Blair in J'lem ahead of upcoming Quartet meeting

Netanyahu tells visiting US senators that West should support anti-regime protesters in Iran, as it does in Tunisia, Egypt and Libya.

February 28, 2011 03:44
3 minute read.
Quartet Envoy Tony Blair

Tony Blair at IDC. (photo credit: Itzik Edri)

Prime Minister Binyamin Netanyahu was scheduled to meet Quartet envoy Tony Blair on Monday, amid hesitation in Jerusalem about sending Yitzhak Molcho, Netanyahu’s chief envoy in talks with the Palestinians, for meetings with Quartet representatives next month.

The Quartet, at a meeting earlier this month, announced that it would meet at the “level of principals in mid-March” on ways to move the negotiations forward. “In advance, and as a matter of priority, it will seek via its envoys to meet separately with Israeli and Palestinian negotiators in Brussels,” the statement said. The Quartet is made up of the US, EU, Russia and the UN.

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UN Middle East envoy Robert Serry told journalists in New York last week that separate meetings by the Quartet with representatives from the parties was “something new,” and that confirmation of a meeting in Brussels this week from both sides was being sought.

Israel has historically been extremely reticent to take part in meetings of this nature, preferring instead to let the US alone deal with the nitty-gritty of the negotiations.

The meeting of the Quartet principals – meaning US Secretary of State Hillary Clinton, EU foreign policy chief Catherine Ashton, Russian Foreign Minister Sergei Lavrov and UN Secretary-General Ban Ki-moon – is likely to take place in mid- March on the sidelines of an international meeting in Paris. Ashton said some two weeks ago in a meeting with journalists in Jerusalem that the Quartet meeting was meant to give the sides a “sense of urgency” in moving the diplomatic process forward.

While the Quartet was keen on giving a sense of urgency to the diplomatic process, Netanyahu – in a meeting on Sunday with a congressional delegation led by Republican senators James Inhofe from Oklahoma and John Boozman from Arkansas – stressed the importance now of focusing on Iran.

Discussing the rapid change sweeping across the Middle East, Netanyahu told the delegation that the West must ensure that this “wave of democracy” doesn’t pass over Iran, and that the international community should be supporting the protesters in Iran to the same degree that they did in Tunisia, Egypt and now Libya.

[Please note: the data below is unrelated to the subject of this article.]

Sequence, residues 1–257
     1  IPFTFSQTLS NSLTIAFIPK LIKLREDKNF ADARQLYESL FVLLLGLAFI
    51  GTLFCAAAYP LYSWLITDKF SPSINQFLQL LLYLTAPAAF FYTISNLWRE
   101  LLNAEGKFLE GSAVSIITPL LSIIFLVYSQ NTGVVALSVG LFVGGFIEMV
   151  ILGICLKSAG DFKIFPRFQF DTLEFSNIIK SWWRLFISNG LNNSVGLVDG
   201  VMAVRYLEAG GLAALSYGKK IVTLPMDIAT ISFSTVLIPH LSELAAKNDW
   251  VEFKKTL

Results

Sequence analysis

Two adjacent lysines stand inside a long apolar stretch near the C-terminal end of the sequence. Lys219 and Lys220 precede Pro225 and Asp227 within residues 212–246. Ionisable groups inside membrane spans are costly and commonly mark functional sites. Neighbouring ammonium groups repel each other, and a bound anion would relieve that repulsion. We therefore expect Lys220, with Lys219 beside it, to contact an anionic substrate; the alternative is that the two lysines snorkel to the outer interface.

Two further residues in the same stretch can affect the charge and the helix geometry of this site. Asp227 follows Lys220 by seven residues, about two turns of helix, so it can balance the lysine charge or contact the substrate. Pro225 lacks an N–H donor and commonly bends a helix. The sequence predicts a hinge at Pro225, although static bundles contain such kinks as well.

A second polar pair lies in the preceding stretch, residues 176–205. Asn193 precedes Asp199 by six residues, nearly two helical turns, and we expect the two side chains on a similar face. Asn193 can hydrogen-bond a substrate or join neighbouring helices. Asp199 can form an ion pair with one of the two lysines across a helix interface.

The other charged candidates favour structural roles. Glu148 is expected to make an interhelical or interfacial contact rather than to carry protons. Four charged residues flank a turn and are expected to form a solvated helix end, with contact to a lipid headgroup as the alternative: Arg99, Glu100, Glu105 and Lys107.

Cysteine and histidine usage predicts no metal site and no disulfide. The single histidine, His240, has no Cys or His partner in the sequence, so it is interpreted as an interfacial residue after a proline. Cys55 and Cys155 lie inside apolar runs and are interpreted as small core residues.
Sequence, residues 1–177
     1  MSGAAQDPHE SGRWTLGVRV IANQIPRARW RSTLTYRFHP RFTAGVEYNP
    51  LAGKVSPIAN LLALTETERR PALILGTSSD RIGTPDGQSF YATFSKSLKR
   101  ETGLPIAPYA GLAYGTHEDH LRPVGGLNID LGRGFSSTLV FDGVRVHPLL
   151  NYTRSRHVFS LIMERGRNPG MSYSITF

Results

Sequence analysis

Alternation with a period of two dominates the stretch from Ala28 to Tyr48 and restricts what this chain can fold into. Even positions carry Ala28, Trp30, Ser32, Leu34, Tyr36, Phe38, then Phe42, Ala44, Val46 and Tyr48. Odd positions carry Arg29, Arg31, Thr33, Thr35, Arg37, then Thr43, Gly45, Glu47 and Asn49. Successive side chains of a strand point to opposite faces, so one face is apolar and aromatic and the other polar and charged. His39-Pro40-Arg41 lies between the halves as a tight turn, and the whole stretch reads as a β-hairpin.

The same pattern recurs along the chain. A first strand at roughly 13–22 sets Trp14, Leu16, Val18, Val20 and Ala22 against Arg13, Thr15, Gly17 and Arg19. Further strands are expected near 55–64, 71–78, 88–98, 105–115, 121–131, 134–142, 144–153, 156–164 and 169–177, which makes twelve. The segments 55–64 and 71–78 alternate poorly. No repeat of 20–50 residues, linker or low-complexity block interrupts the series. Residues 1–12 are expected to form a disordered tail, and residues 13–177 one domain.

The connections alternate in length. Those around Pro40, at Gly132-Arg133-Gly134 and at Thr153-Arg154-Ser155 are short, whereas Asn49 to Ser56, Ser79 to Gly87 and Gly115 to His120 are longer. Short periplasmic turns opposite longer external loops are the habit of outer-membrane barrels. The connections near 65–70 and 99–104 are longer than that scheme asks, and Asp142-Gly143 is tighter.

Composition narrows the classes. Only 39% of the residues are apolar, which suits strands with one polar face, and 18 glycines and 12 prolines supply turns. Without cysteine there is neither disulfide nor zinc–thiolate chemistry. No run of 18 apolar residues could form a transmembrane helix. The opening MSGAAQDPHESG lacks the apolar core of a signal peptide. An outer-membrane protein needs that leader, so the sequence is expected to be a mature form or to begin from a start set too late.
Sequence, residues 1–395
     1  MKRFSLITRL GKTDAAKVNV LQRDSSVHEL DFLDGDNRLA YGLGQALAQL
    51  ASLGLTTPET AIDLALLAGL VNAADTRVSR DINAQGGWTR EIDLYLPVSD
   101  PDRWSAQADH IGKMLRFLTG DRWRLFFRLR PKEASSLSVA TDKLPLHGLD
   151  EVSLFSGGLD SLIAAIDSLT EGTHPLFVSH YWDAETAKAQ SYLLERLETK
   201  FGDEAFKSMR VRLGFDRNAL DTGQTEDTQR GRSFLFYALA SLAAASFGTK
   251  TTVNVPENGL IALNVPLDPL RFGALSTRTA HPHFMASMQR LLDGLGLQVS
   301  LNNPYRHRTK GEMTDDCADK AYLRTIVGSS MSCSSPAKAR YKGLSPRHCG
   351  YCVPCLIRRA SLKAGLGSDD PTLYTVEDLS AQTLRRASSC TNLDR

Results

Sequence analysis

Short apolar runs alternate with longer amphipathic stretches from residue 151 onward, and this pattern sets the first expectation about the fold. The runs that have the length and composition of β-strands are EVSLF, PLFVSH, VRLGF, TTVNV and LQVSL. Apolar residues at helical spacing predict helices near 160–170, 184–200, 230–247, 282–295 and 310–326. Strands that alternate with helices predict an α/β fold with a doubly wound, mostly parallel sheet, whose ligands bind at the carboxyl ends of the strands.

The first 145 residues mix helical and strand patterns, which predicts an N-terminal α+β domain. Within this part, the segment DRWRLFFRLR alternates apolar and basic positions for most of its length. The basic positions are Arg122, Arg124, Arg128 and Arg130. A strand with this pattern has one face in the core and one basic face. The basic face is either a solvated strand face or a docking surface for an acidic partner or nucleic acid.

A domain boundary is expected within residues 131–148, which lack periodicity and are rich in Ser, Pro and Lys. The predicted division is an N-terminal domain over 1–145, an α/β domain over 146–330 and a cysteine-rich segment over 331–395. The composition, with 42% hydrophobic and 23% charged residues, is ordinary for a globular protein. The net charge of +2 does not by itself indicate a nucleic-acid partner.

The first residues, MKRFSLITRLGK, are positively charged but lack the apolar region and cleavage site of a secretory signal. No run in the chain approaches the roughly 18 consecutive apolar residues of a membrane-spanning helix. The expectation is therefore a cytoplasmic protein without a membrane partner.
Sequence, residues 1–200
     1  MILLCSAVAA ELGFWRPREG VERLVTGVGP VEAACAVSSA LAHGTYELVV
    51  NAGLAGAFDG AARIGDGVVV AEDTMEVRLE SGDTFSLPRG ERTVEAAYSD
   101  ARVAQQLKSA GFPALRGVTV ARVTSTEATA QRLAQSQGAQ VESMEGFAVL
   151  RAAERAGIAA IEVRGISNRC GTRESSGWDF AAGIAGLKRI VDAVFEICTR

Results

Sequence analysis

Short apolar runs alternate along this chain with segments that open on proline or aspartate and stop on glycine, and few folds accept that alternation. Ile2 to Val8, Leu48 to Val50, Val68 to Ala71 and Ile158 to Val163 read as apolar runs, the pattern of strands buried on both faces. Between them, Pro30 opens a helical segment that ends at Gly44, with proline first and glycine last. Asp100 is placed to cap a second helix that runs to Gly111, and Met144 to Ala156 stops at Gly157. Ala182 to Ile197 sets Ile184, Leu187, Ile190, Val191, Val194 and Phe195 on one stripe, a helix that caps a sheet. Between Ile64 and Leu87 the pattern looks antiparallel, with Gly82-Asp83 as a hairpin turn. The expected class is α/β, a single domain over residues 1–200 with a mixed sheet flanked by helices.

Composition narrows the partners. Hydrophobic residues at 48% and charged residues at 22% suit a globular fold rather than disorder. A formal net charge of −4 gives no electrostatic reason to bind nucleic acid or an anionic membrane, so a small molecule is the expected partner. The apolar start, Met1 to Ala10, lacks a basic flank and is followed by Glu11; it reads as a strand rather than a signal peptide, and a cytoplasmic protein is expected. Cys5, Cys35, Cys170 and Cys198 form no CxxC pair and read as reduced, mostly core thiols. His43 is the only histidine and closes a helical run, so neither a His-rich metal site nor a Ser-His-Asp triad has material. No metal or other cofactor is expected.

The current situation is providing Iran with numerous opportunities to extend their reach and exploit the changes taking place for their own benefit, and therefore – he said – it was more important than ever for the international community to be tough with Tehran.

Deputy Foreign Minister Danny Ayalon, meanwhile, left on Sunday for meetings with senior EU officials in Brussels carrying a similar message: that it is critical at this time to prevent radical forces in the region from taking advantage of the unrest in the Arab world, and that even with the swiftly unfolding events it is necessary to focus on stopping Iranian nuclearization.

In a related diplomatic development, Romanian Foreign Minister Teodor Baconschi arrived on Sunday for two days of talks, and met Netanyahu soon after his arrival.

Romania is among the states more supportive of Israel inside the EU, and defense ties between the two countries have grown significantly in recent years. Last year, six Israelis and one Romanian were killed in a helicopter accident during a joint military exercise in Romania.

Baconschi was scheduled to meet on Monday with President Shimon Peres, Foreign Minister Avigdor Lieberman, opposition head Tzipi Livni and members of the Knesset’s Foreign Affairs and Defense Committee.

El Salvador’s Foreign Minister Hugo Martinez was also scheduled to arrive on Monday, for a three-day visit, his first since taking office some 20 months ago.

El Salvador is one of the few Latin American nations, along with Honduras, El Salvador, Guatemala, Panama and Belize, that have not given an indication whether they would recognize a Palestinian state. While Colombia said it would not recognize a Palestinian state until a mutual peace agreement is reached, the rest of Central and South America has either already recognized Palestinian statehood, or indicated they would do so soon.

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